Susan Bock: Golden Bees, White Combs, and Sweet Honey

 

Editor’s note: Susan Bock is a full-time Episcopal minister who recently became a part-time urban beekeeper. Here are her reflections on this most recent endeavor.

I wish I could say I decided to keep bees as a gift to our planet or even for the honey.  But the truth is that keeping bees was the closest I could get to living inside that movie about their “Secret Life…”.  I knew it wasn’t a real life, but I still yearned to sleep out in the Honey House, eat homemade peach pie on lazy summer days down south, and be part of the proud sisterhood played by Queen Latifah, Alicia Keys, and Jennifer Hudson. The next best thing to being there was inviting some bees to my house in the city, so I did, and quickly fell in love.

August Boatwright, the movie’s veteran bee-keeper, says that loving the bees is essential, because “every little thing just want to be loved.” Loving them isn’t hard to do, once you stop fearing them. You can’t do both at once—you can’t love while fear is holding your heart hostage, and you can’t feel afraid if love has taken hold there.  My bees have taken hold there.

Besides loving them, says August, you mustn’t swat at them, and when you’re tending them, you should act like you know what you’re doing even if you don’t.  This is all good advice for anyone’s life, but it’s especially helpful in my work as a pastor. I’m proud to say that throughout all of my 27 years in the church, I’ve never swatted a single church member, and I’ve tried very hard to send each one of them the love in which God holds them always.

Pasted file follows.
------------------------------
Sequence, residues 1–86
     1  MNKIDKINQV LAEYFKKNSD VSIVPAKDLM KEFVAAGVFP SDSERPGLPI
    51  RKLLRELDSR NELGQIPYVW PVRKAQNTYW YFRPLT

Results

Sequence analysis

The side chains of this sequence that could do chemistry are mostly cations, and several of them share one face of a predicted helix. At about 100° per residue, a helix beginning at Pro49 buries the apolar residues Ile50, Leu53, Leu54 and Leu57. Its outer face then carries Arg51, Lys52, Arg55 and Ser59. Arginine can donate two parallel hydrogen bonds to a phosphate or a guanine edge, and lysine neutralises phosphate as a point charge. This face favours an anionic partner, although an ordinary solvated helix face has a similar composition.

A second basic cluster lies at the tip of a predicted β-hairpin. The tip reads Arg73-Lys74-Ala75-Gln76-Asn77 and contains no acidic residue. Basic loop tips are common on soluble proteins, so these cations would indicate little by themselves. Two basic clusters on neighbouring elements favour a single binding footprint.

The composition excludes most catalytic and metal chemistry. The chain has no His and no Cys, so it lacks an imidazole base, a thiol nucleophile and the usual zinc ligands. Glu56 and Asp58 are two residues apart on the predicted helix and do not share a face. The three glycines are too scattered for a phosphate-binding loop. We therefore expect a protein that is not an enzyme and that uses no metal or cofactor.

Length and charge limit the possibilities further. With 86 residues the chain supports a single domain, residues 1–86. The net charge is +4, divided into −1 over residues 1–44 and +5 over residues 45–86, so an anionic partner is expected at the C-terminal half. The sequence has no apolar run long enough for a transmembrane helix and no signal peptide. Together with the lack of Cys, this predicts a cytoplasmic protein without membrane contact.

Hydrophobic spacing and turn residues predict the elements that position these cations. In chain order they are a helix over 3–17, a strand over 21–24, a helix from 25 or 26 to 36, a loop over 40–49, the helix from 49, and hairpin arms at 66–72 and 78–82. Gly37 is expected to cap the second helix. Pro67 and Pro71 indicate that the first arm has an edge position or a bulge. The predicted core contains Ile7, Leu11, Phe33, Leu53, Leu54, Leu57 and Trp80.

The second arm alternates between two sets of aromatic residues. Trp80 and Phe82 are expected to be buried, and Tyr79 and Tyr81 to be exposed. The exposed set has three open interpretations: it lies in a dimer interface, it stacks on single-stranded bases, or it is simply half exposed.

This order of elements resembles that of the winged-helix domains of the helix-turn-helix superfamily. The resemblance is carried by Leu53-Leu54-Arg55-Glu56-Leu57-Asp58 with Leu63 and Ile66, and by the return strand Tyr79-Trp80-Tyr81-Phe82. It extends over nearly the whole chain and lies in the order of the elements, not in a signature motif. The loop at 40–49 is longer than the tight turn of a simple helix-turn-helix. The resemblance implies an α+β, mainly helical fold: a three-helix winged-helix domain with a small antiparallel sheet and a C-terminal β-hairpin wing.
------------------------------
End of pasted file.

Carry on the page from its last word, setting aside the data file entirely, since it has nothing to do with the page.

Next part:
The bees aren’t just loveable; they’re admirable, too.  They seem utterly unselfconscious, completely focused, and lost in their work.  I’m always watching myself to see “how I’m doing,” wondering what I’ll get for my effort, but the bees seem blissfully un-distracted by self-concern of any type. They live to make honey and more bees.  And their cooperation is just amazing. They actually dance atop the hive to show the rest of the colony where pollen may be found, the particular choreography of a dance indicating the direction of the source.

So it turns out the bees are keeping me more than I’m keeping them.  A poem by Antonio Machado tells of his dream that a beehive was inside his heart, where “the golden bees were making white combs and sweet honey” from his old failures. Their quiet sweetness is surely infusing my soul, asking me to slow down, pay attention, move gently, and love the fragile things.  That may be all anyone needs to heal from the past, trust the future, and surrender to the wonder of right here and now.

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